Entering Westminster Abbey on vacation with my 10-year-old son, I overheard a man with an American accent ask, “Can we take photos?”
“No, sorry, sir,” the docent apologized.
I remembered being disappointed my last visit when I realized no photos were allowed.
The man wore an Ohio State T-shirt and khaki shorts. With sunglasses perched on top of his head, he looked like someone I knew. He looked so dejected, I felt the need to say something as I passed by.
“They have postcards in the gift shop,” I said, smiling as if that solved everything. “They were better than any shots I could get.” Sometimes we just want to say something, even if we know it won’t really help.
“Oh, I know,” he replied, looking as if he were going to cry. “I just don’t want to forget it.”
There is a sacredness at Westminster Abbey that I didn’t expect the first time I visited on a solo trip, two years ago. I thought of it as a tourist stop, not the place of worship that it is.
“You won’t forget it,” I told Ohio State. “You’ll be more present since you aren’t behind your camera.”
He nodded in agreement, but I didn’t think he believed me. With his emotion so much on the surface, I felt there was more to this than just a casual interaction.
I’d returned to Westminster Abbey to share this sacred place with my son. Last time I visited, it wasn’t until I prayed with a priest there that I realized it had been a pilgrimage. I wanted my son to experience the place where I had felt so close to God.
I ran into Ohio State again near the shrine of St. Edward the Confessor, where I had prayed with a small group of believers from all over the world. The shrine is located behind the altar where each monarch since 1066 has been coronated. After a coronation, the monarch slips behind the altar through a secret door for private prayers for wisdom and guidance.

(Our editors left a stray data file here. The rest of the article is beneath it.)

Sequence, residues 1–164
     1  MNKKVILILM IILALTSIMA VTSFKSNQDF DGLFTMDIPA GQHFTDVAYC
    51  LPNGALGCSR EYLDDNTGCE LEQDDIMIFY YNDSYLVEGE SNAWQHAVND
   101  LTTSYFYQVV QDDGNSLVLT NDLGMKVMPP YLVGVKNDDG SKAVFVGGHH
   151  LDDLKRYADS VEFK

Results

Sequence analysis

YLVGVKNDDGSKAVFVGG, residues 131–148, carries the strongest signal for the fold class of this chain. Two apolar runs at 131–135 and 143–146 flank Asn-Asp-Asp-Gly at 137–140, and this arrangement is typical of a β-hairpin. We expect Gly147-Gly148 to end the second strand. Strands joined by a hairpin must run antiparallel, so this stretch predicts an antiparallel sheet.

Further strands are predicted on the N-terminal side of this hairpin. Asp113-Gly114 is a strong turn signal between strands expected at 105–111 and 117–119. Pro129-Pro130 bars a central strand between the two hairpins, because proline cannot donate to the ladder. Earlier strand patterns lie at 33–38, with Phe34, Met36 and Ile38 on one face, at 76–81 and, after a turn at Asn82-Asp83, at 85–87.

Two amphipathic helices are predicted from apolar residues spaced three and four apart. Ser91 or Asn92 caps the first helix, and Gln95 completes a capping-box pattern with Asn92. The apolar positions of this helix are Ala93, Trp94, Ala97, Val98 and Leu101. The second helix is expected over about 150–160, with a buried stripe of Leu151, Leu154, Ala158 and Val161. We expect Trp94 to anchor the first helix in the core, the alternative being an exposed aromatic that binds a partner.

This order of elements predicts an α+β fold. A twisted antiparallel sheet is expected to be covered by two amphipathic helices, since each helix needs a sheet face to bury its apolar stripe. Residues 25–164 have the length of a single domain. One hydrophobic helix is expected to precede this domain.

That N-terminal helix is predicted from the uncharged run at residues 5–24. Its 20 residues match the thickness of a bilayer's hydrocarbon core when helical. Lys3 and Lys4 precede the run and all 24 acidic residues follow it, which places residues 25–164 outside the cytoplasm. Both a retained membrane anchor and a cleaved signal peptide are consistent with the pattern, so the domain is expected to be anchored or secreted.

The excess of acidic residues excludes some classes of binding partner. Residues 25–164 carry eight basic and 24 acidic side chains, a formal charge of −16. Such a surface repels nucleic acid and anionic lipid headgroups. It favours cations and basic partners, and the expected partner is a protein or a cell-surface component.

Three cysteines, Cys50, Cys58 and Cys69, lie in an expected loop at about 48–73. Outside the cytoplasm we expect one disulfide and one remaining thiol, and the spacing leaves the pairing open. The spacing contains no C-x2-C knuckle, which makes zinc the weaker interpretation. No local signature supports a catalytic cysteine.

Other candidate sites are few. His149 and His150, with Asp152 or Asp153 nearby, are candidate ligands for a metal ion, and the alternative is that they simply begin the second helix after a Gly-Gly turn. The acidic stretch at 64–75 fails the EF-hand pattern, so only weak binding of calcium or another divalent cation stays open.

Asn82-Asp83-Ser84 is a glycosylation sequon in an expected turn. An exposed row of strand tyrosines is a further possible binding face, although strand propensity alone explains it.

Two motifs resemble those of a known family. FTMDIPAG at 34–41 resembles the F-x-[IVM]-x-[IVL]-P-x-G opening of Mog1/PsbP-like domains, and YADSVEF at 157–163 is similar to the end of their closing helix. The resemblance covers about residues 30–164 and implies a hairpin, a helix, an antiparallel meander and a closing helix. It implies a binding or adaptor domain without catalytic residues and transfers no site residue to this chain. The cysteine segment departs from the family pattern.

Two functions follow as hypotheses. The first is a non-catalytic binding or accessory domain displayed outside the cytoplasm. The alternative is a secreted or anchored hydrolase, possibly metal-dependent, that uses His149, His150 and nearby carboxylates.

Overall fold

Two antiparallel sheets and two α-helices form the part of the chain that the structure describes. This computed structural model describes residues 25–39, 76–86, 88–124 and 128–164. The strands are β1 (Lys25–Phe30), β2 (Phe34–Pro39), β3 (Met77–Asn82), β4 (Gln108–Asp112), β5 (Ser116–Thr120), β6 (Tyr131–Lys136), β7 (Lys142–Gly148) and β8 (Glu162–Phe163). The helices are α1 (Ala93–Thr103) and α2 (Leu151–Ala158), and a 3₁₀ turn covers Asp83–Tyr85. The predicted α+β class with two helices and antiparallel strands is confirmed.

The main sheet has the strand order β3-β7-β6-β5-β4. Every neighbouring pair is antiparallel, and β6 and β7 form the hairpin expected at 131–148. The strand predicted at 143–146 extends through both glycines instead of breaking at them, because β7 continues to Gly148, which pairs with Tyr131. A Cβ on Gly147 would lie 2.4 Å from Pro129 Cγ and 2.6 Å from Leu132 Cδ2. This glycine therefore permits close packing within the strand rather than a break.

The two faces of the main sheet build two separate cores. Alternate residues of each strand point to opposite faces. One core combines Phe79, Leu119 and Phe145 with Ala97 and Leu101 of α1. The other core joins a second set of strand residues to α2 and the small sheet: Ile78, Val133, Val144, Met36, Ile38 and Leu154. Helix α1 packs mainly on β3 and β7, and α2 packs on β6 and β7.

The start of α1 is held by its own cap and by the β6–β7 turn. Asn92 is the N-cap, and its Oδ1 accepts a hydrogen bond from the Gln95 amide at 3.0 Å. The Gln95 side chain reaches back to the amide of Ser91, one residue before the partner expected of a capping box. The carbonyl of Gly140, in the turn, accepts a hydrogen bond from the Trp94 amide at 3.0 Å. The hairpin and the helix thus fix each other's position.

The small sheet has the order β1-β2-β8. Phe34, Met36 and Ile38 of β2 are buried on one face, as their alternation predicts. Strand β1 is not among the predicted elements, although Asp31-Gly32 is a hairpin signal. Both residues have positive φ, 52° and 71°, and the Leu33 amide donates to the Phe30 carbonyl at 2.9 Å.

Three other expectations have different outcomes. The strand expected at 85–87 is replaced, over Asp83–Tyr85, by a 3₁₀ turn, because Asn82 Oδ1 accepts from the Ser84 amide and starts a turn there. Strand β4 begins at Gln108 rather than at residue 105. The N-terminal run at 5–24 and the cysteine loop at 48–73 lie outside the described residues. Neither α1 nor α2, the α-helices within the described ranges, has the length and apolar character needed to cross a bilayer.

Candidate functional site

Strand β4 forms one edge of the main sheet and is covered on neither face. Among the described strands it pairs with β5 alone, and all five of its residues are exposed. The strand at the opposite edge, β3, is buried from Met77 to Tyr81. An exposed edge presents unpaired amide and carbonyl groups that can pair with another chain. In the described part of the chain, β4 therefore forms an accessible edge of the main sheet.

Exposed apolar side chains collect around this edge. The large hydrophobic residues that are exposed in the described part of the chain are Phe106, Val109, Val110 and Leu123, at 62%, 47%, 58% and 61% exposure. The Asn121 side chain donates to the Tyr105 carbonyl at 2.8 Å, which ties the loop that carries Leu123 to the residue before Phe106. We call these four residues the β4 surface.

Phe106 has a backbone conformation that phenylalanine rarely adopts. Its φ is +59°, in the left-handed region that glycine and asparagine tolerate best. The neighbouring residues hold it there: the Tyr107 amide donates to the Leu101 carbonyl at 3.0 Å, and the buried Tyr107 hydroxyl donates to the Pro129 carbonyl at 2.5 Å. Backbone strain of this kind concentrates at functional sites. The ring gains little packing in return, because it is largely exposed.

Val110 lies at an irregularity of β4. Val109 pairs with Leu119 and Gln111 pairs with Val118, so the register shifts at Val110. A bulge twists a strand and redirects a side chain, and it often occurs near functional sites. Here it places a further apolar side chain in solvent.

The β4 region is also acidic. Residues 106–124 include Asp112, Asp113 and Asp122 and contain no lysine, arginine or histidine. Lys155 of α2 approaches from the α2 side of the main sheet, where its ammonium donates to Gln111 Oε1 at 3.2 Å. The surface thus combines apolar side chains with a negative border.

I asked Ohio State if he was religious.
“Well, not really. I mean I don’t not believe. I’m just not certain what I believe,” he said.
“I understand,” I said and told him about the noon prayers. “I think if you had an experience like I did, you wouldn’t forget it.”
“My mother just died three months ago.” The tears from earlier were now clear. “Towards the end, she’d forgotten so much.” I wanted to grab onto him for a moment, in gratitude for confiding in me, a stranger.
“I am so sorry.” I wanted to say more, but what, I didn’t know. I felt God’s presence there, and I knew I was supposed to have said the things I did to this fellow traveler. He nodded. Embarrassed, he looked to rejoin his family.
Sharing noon prayers with my son, I said a prayer for Ohio State, for his grief, for his healing, for his family.
Three hours later, two miles away, in a city of eight million, I held a door open for my son when Ohio State walked through. “I just talked to you this morning. At Westminster Abbey,” he said, looking at me as though he’d seen a ghost.
I don’t know why God brought us together for a moment, but I know God did.
Image by Christine Matthews under CC BY-SA 2.0.
Absolutely love this story you shared. God places each of us in the places we need to be at just the right time. We just need to be ready for it and open to it. Thank you Shemaiah. And I didn’t even mind that he was “Ohio State” since I’m a Michigan fan.
Beautiful! Coincidence? Nop! No way. God works through us, only we don’t see it as life is fast moving and no one cares to stop a moment.
I love how our God works! I can’t wait for your follow up comment when Ohio State shows up at the library when you’re checking out a book! LOL
Sacred places – they inspire awe and reverence.